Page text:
> threshold).  So basically images don't work on the phone if you're under the
> threshold.  Therefore it could be argued that the right thing to do is not
> to fire a memory-pressure event until after we've killed all of the bg
> processes.

In the light of this then the current behavior is what we want. However this means that we're happy with killing bg apps while one of the reasons we had for putting this logic in place was to keep them alive for improved responsiveness. A middle-ground could be to change the patch for bug 873284 to never send memory-pressure events to a foreground app if it makes it essentially unusable (and I assume that not having images will make pretty much *any* app unusable). Alternatively did anybody try making a memory-pressure-but-dont-throw-away-images event that would be reserved for foreground apps? I could try that too and see if it helps. Yet another approach might be to vary the threshold dynamically, pushing it below the bg-gets-killed threshold after the first notification and resetting it only once a new app gets in the foreground.

> I'm happy to discuss tuning the low-mem notification, but I suspect there
> are no good answers.  At least it would be helpful to separate the issue of
> "memory-pressure notifications don't work correctly" from "memory-pressure
> events aren't dispatched as early as they might be."

I think we're in the latter situation here and yes, there's probably no perfect solution. The current behavior however makes low-memory notifications so unlikely to happen that IMHO we might as well get rid of them (and their added complexity) altogether.
We can't get rid of low-memory notifications; we rely on them, for example, to know when to discard images in the fg app.  Andreas made some changes so we never discard in the foreground except when we get a low-memory notification.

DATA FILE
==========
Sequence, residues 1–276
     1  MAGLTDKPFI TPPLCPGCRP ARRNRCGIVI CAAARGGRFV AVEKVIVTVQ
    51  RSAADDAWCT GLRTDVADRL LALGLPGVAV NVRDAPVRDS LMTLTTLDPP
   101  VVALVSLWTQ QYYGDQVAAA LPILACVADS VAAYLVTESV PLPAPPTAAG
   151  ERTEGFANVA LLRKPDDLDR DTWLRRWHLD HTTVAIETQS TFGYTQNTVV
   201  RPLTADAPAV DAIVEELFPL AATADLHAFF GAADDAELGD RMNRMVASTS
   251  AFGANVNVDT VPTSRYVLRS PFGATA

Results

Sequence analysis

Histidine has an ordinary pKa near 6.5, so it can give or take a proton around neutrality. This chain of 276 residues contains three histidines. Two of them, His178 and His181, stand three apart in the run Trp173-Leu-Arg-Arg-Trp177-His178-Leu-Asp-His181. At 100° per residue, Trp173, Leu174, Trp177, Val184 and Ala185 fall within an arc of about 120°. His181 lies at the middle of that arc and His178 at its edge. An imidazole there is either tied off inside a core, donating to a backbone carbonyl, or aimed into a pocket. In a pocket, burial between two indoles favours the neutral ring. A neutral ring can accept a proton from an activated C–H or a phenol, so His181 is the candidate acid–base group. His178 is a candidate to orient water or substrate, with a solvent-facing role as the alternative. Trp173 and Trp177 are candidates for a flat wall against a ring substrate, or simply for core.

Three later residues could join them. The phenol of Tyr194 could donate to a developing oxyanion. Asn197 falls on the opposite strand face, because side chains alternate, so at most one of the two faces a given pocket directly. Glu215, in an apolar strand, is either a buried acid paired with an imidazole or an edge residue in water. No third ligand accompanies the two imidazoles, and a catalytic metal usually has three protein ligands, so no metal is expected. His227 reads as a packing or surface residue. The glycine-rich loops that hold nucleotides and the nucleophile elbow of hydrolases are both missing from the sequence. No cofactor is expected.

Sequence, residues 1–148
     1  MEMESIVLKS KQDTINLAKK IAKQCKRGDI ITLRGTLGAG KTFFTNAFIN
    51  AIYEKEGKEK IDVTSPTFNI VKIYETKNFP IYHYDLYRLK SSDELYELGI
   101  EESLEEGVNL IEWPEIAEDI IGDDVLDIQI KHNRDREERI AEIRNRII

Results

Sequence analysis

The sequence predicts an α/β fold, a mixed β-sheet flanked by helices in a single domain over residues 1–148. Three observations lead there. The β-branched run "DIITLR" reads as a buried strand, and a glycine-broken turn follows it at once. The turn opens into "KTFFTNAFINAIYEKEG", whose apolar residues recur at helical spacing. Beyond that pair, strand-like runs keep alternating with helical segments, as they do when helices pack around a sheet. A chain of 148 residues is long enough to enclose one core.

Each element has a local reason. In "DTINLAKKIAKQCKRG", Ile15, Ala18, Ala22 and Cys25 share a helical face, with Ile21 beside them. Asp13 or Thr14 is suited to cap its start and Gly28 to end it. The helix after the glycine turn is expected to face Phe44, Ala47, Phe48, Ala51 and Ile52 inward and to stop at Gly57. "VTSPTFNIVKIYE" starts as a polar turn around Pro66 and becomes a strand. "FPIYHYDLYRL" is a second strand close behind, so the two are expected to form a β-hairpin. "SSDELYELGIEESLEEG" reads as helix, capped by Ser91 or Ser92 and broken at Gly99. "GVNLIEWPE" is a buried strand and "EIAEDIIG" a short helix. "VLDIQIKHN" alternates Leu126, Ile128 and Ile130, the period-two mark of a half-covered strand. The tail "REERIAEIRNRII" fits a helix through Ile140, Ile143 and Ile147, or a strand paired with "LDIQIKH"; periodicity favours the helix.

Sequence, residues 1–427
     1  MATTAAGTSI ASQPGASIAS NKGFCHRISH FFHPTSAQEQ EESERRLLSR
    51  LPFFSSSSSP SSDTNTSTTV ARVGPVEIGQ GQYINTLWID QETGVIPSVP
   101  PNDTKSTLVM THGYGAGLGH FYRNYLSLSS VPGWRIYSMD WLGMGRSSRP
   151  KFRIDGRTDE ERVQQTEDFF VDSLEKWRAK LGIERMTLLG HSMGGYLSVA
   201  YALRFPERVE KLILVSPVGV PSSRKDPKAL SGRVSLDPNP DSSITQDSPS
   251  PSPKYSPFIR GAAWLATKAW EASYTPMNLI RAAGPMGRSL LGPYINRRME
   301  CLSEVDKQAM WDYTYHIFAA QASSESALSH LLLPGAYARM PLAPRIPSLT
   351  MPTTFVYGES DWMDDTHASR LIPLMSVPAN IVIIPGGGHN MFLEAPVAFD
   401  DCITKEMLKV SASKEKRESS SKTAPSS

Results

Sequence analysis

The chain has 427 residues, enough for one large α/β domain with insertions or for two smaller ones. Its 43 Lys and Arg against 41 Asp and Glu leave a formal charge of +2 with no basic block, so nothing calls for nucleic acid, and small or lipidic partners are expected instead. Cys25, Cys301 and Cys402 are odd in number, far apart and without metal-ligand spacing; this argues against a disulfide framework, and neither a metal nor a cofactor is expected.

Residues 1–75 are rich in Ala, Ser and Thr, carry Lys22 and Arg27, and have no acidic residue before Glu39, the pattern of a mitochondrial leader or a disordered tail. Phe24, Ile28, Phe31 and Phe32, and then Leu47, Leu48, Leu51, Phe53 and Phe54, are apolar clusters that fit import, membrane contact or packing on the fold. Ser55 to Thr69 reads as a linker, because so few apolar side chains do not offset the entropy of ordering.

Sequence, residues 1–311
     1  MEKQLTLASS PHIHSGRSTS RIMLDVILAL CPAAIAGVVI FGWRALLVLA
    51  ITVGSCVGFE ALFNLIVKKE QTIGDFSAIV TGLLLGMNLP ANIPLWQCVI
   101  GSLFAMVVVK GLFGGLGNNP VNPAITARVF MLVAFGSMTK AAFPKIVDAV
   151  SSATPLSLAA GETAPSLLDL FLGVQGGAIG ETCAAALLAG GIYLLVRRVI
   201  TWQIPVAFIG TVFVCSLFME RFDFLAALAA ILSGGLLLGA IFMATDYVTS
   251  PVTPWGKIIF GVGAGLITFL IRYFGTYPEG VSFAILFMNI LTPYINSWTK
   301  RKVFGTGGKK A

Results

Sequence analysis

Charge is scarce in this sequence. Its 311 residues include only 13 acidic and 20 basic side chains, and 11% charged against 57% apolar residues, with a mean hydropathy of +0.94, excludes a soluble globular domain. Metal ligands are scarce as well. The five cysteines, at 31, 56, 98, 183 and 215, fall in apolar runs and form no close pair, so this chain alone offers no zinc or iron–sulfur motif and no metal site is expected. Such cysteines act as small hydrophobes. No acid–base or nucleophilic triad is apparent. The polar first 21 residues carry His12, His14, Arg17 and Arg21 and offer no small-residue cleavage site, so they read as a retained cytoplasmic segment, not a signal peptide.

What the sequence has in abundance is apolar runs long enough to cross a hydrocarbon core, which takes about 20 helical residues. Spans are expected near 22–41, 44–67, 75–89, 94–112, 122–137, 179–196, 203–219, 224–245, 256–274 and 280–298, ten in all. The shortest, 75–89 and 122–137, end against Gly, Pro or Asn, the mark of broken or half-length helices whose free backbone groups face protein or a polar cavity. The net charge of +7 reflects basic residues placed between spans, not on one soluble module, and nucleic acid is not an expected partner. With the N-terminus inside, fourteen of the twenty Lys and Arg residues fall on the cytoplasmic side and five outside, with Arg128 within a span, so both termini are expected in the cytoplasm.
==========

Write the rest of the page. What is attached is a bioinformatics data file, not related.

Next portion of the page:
I don't understand why notifications are unlikely to occur.  Once we've killed all of the bg apps, is there some additional problem that keeps them from happening?
Assignee

Comment 4

6 years ago
(In reply to Justin Lebar [:jlebar] from comment #3)
> We can't get rid of low-memory notifications; we rely on them, for example,
> to know when to discard images in the fg app.  Andreas made some changes so
> we never discard in the foreground except when we get a low-memory
> notification.

OK.

> I don't understand why notifications are unlikely to occur.  Once we've
> killed all of the bg apps, is there some additional problem that keeps them
> from happening?

The kill-the-homescreen is set at 8MiB, that leaves a 2MiB range for the low-memory notification to be triggered before the homescreen gets killed which is pretty slim. Once the homescreen has been killed the kill-the-foreground-app threshold is set at 6MiB which again leaves only a 4MiB range for the low-memory notification to be triggered; it's going to be a bit more likely but still pretty slim.

I was thinking of experimenting with a dual-level approach with a higher threshold (above the kill-the-bg-apps level) that sends a low-memory notification to background apps only and then lowers the threshold below the kill-the-bg-apps threshold. Once there it would send low-memory notifications to all apps. This would be reset every time the foreground app changes... Does this sound a reasonable approach to you to retain the existing behavior but giving us more leeway before killing the bg apps?